SQS Lambda Polling
SQS Lambda Polling
How Does the Lambda Integration Work?
Lambda service, which is not a Lambda function, but rather a Lambda SQS long-poll service that runs on your behalf, will be the one that is going to poll your SQS queue continually for all incoming messages. As soon as a message arrives, it will start by receiving this message and, later on invoking the Lambda function by passing this message as a parameter.
This is what a typical message event would look like to a Lambda function which is going to be handling the messages that are passed in:
Along with the process of passing over the message/s to your function, a Lambda Poller service is going to delete the message as well, in case your function returns back a successful response to the handling of the messages which was passed to it.
In case your function tends to fail in handling the message/s, the message/s will return back into the queue when the visibility timeout gets expired for being handled. A dead letter queue will be in association with your source queue as an optional setting that is capable of receiving SQS messages that your source queue had already received a number of times, which is defined by the user, without getting deleted.
Check out an example illustrating the way an integration flow tends to work as shown below with the labeled CloudWatch Logs from an SQS handler Lambda function.
Pricing Accompanied with Polling
No additional costs are going to be applied for provisioning SQS as an event source, but since the Lambda service which acts as an SQS consumer keeps on continuously long-polling an SQS queue, you might get charged for the API calls of sqs:ReceiveMessage according to the standard SQS pricing rates, regardless of whether you may have NO messages whatsoever in the queue.
What does SQS Short and Long Polling mean?
The entire process of getting messages consumed from a queue is dependent upon whether you rely on short or long polling. As a default setting, Amazon SQS will tend to use short polling, which means the act of querying merely a subset of its servers, according to a weighted random distribution, for determining if there may be any messages available for a response.
Long polling may be used for reducing costs while providing your consumers with the ability to receive messages on the spot when they arrive directly into the queue. The upcoming sections are going to explain the differences found between consuming messages with short polling or long polling.
Short Polling for Consuming Messages:
When messages get consumed from a queue by the use of short polling, Amazon SQS will sample a subset of its servers, according to a weighted random distribution, and then return messages merely from those selected servers. Hence, a specific ReceiveMessage request may not be able to return every single one of your messages. Yet, in case you possess less than 1,000 messages in your queue, then a subsequent request is going to return those messages. In case you remain consuming from those queues, Amazon SQS will sample the entirety of its servers, allowing you to be able to receive every one of your messages.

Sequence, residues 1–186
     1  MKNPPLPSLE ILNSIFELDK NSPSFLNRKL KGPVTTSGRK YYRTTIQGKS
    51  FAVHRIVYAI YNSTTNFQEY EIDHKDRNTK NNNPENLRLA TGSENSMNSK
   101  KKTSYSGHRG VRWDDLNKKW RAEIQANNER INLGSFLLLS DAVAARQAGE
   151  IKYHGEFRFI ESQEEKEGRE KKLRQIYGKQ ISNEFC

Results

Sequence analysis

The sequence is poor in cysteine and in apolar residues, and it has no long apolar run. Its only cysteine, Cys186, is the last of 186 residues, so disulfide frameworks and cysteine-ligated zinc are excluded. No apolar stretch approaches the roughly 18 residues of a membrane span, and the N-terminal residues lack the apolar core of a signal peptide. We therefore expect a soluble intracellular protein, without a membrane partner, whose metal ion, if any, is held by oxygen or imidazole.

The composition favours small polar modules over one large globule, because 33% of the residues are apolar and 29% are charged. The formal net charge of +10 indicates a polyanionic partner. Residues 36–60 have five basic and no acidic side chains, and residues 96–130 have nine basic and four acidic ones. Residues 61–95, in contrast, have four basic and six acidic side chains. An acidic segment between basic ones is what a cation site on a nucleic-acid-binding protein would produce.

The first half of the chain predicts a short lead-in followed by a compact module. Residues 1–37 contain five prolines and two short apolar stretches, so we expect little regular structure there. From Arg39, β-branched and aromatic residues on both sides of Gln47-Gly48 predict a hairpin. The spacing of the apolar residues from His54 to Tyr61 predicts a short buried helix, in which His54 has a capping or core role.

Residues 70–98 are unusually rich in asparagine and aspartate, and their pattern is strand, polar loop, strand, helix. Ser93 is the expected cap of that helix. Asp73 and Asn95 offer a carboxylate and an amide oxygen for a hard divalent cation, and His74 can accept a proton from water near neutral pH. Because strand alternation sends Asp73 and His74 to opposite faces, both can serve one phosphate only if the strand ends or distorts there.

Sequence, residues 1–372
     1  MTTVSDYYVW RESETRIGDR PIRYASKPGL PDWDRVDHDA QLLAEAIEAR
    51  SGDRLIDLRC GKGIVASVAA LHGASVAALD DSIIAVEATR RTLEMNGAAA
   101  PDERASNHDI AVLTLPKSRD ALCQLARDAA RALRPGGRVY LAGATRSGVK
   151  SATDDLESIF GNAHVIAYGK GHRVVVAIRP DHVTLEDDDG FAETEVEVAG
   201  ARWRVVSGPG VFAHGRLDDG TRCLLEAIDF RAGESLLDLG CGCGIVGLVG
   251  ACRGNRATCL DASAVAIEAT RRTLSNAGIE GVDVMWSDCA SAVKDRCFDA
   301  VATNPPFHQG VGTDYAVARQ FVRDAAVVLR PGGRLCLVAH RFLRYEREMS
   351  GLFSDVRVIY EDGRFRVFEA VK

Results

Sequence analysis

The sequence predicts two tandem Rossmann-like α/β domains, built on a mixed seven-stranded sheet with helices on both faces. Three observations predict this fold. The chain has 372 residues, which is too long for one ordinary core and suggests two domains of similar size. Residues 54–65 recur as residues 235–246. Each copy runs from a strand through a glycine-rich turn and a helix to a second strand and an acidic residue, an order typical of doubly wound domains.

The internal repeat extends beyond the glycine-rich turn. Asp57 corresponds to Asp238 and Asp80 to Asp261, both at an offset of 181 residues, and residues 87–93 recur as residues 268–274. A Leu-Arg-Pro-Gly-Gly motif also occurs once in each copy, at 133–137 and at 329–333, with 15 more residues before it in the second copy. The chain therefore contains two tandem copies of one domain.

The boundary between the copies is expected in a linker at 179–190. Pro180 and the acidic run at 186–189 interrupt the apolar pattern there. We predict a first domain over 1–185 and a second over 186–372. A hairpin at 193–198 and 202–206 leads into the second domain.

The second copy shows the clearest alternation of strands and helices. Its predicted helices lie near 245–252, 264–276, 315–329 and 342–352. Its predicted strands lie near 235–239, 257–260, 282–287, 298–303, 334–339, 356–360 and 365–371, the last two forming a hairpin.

The below diagram highlights the short-polling behavior of messages that have been returned from a standard queue right when 1 of the system components delivers a receive request. Amazon SQS will sample several of its servers that are shown in gray, and then start to return the following messages: A – C – D – B from the mentioned servers. However, as seen below that message E does not get returned for this request, but later on returned for another subsequent request.
Long Polling for Consuming Messages:
Whenever you notice that the wait time for the ReceiveMessage API action goes greater than 0, this will mean that long polling is working in effect. The max wait time for long polling is: 20 seconds. Long polling is capable of aiding with the reduction of the cost of utilizing Amazon SQS because it can eliminate the number of empty responses whenever no messages are available for a ReceiveMessage request, and it is capable of making empty responses false as messages become available without being included in a response.
The below benefits can be accompanied by Long Polling:
- The elimination of empty responses by making it possible for Amazon SQS to wait till a message becomes available in a queue prior to sending a response. Whenever the connection does not time out, the response to the ReceiveMessagerequest is going to include a minimum of 1 of the available messages, all the way to the max number of messages which was specified in the ReceiveMessage
- The elimination of any false, empty responses through the act of querying all rather than merely a subset of those Amazon SQS servers.
It is possible to confirm the fact that a queue has turned empty while performing a long poll and the ApproximateNumberOfMessagesDelayed, ApproximateNumberOfMessagesNotVisible, and ApproximateNumberOfMessagesVisible metrics will be equal to Zero after a minimum of one minute after producers have stopped sending any more messages, meaning that as soon as the queue metadata will reach eventual consistency.
- Return any messages whenever they have turned available.
How Do Long and Short Polling Differ?
Short polling takes place as soon as the WaitTimeSeconds parameter of a ReceiveMessage request gets set to 0 through 1 of the following 2 ways:
- ReceiveMessagecall specifies WaitTimeSeconds to be 0.
- ReceiveMessagecall doesn’t specify WaitTimeSeconds, rather, the queue attribute ReceiveMessageWaitTimeSeconds gets set to be 0.